With more a familiar work, like Elgar’s Enigma Variations, op. 36 (1898-99), several fine recordings exist. Yet a live recording of a performance conducted by Bernard Haitink is welcome for the spontaneity and finesse that emerges in this release. Significant as it is to recall the puzzling aspect of the allusions in this music, knowing all the details is not as important as hearing the techniques Elgar used to develop his thematic ideas in the fourteen variations. In the tradition of the great orchestral variation sets, like Brahms’ Haydn Variations, Elgar’s piece remains popular because of both the strength of its content and the orchestration, which emerge colorfully in this live performance. Haitink offers a fine reading, where the winds and brass never overpower the string texture at the core of this work. The mercurial “Troyte” variation is telling for its precision – never do the brasses overwhelm the musicality that must occur in such a successful performance. Haitink’s shaping occurs at various levels, with clear articulations punctuating Elgar’s sometimes angular phrases, while also giving breadth to the sweeping phrases that are central to a variation like “Nimrod.” In that piece, Haitink has demonstrated his sensitivity to the larger structure while also attending to the details that must be in place. It is unfortunate that some audience noises intrude on the final section, “EDU,” in which Haitink brings the work to a majestic conclusion. Nevertheless, this is a solid performance that merits repeated hearing for the nuances that are part of it.

The third piece on this recording is Britten’s orchestral song cycle Our Hunting Fathers, Op. 8 (1936), which is a setting of texts by W. H. Auden. In this work Britten addresses the theme of hunting by treating it with gusto. No sacrosanct treatment of the topic, Auden used the opportunity to take the sport to task, and Britten underscored the ironic tone with music that sharpens the meaning further. At the same time Heather Harper offers an effective reading of this fine score. There are moments in which her ringing tones suggest timbres one encounters in Strauss’s operas – roles that she has been known to execute with aplomb. The five songs in this set benefit from Haitink’s sensitive tempos that allow the text to be heard clearly. Harper’s diction is clear from the start, such the texts published in the liner notes are not absolutely necessary. When the music demands a more lyric, rather than declamatory, approach, as in “Messalina,” Harper’s enunciation remains exemplary, and the line is always present. “Rats Away!” is telling for the prominent part the orchestral plays in tone painting, to which Harper responds well. It is a delight to know of this recording, which, like the other pieces included has the added quality of spontaneity from the concert performance now available through the London Philharmonic’s own label.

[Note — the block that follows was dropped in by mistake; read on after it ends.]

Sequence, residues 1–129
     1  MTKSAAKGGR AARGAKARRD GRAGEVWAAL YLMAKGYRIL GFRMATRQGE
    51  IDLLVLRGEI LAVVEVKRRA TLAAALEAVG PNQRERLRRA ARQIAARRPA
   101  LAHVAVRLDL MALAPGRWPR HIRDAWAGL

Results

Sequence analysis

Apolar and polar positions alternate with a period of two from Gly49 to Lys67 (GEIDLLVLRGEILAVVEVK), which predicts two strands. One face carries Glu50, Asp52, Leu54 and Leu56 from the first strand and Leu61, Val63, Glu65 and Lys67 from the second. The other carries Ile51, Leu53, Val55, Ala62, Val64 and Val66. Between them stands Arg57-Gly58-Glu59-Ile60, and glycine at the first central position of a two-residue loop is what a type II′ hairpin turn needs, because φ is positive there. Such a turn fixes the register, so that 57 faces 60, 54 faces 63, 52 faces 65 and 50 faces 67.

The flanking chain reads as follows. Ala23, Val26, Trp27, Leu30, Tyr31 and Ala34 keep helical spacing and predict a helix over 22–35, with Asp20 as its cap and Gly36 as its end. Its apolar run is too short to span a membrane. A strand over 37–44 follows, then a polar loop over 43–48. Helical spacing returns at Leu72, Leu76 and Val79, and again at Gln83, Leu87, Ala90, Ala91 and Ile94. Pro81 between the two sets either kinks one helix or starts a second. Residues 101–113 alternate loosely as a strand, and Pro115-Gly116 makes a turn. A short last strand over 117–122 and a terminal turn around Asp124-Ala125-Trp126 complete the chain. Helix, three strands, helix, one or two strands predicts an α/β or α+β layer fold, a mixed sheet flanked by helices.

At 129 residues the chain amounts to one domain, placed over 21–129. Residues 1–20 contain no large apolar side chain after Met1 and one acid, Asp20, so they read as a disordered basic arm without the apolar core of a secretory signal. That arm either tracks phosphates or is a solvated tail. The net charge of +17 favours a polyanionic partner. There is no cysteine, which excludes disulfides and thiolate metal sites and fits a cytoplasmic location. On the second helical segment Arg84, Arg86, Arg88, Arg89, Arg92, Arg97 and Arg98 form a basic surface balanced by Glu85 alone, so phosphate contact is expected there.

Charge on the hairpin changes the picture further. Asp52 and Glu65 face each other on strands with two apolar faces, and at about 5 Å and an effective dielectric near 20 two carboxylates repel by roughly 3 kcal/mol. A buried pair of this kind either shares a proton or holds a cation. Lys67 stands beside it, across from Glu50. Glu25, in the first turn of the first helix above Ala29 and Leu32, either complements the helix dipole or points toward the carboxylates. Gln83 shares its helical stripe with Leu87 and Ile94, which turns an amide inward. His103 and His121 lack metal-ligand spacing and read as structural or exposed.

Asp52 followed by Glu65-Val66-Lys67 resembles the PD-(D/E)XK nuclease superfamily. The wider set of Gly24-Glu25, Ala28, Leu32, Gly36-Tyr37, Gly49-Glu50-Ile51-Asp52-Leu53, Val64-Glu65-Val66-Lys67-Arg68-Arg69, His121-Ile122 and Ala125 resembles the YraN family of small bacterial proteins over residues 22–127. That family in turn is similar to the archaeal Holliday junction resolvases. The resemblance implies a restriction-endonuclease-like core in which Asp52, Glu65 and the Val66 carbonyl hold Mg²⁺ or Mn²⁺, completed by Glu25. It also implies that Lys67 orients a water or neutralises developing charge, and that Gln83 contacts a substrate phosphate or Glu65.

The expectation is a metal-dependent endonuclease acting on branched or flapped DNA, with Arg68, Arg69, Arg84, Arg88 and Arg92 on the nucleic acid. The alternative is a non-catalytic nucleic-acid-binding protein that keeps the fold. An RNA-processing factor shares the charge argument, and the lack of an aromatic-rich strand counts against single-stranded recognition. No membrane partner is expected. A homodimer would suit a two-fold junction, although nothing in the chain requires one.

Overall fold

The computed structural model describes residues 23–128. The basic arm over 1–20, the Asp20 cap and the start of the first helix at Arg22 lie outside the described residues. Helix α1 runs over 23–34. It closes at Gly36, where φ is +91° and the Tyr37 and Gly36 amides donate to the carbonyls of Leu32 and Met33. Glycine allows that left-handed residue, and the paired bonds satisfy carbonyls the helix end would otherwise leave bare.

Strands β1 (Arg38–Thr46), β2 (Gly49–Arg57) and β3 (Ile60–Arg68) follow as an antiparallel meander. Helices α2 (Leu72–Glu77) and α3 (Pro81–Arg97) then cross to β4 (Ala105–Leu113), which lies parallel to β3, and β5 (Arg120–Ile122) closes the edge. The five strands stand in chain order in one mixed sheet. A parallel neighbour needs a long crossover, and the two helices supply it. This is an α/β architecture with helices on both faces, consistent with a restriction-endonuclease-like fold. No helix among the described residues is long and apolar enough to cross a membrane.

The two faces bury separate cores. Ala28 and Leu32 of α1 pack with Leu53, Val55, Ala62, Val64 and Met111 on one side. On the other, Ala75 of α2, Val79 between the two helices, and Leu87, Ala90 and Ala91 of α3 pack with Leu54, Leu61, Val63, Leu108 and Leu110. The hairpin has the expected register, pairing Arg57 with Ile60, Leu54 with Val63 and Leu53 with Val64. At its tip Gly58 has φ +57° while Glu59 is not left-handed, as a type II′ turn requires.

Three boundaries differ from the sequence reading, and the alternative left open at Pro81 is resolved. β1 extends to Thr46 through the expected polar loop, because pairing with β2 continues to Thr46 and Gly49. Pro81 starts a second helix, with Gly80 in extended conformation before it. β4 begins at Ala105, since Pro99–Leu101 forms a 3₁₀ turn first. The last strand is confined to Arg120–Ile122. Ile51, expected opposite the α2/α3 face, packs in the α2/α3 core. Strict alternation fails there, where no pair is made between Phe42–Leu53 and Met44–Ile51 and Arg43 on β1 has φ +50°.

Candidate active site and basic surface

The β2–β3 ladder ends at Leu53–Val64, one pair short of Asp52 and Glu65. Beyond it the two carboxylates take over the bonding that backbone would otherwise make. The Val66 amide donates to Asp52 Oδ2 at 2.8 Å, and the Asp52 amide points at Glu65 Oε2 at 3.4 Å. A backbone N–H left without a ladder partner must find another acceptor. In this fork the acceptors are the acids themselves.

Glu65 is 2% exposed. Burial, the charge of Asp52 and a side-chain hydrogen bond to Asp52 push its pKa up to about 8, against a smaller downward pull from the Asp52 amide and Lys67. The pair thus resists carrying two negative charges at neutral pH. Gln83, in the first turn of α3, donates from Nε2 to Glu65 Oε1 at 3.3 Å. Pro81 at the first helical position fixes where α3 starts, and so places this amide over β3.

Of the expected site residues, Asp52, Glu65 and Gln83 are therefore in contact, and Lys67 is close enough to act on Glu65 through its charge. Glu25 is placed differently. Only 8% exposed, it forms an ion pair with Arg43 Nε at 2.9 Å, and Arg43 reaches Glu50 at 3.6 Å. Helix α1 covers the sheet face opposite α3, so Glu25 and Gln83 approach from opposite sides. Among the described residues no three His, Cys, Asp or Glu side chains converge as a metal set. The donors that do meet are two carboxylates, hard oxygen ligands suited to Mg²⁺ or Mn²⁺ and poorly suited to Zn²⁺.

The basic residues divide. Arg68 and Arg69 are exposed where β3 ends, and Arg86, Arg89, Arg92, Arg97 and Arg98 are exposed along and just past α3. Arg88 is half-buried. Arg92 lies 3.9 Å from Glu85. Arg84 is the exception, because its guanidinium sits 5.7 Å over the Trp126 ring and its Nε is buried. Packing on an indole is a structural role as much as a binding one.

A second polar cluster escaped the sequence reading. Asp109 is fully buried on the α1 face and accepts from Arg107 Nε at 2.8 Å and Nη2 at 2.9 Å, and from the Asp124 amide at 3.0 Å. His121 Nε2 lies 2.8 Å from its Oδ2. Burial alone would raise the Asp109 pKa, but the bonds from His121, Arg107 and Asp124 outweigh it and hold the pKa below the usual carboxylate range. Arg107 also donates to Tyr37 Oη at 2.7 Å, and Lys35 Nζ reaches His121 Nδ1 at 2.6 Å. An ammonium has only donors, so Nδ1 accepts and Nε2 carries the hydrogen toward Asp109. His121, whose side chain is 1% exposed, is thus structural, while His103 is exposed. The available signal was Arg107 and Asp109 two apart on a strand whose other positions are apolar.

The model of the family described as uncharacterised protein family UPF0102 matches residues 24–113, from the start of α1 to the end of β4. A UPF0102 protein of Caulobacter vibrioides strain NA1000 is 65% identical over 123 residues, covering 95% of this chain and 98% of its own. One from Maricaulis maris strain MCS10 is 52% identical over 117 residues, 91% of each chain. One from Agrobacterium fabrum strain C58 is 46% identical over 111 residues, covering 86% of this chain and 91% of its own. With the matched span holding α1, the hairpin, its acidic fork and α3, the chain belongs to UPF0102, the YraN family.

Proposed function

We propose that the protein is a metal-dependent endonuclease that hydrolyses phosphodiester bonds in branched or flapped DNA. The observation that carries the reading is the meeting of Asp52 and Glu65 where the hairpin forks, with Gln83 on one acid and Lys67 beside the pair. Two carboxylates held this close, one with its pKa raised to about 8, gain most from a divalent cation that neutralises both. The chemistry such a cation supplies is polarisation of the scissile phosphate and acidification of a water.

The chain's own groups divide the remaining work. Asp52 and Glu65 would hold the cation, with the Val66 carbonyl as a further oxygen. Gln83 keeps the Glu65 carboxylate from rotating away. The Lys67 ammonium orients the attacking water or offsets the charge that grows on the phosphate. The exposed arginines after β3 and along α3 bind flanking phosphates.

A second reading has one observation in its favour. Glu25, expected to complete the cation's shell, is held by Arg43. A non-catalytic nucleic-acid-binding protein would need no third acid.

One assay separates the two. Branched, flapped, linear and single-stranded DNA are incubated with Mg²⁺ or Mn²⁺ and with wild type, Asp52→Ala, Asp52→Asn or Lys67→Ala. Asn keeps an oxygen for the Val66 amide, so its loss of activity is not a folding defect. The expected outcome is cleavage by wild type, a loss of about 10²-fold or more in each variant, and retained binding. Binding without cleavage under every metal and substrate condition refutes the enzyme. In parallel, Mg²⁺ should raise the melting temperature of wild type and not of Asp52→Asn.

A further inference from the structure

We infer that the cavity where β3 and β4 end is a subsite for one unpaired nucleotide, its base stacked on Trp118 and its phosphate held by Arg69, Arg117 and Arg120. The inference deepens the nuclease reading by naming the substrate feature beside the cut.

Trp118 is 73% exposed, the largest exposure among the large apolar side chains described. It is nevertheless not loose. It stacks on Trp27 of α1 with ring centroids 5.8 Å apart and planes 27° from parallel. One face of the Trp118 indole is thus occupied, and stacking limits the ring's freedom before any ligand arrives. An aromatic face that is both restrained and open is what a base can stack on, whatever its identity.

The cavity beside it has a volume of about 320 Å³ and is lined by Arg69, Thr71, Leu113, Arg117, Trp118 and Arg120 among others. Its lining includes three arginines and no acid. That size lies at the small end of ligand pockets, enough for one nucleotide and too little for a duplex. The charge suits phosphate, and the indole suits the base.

Again, this release of material from the London Philharmonic’s archive makes available some fine performances that deserve to be known better. Like another of its releases, a collection of excerpts from Wagner’s operas conducted by Klaus Tennstedt, this recording also celebrates Bernard Haitink, whose association with the Orchestra brought forth some fine concerts, like the ones represented by this selection. Those not yet familiar with the London Philharmonic’s own recordings can start with this fine compilation of three excellent examples of English music from the last century.

James L. Zychowicz

Send to a friend

Send a link to this article to a friend with an optional message.

Friend's Email Address: (required)

Your Email Address: (required)

Message (optional):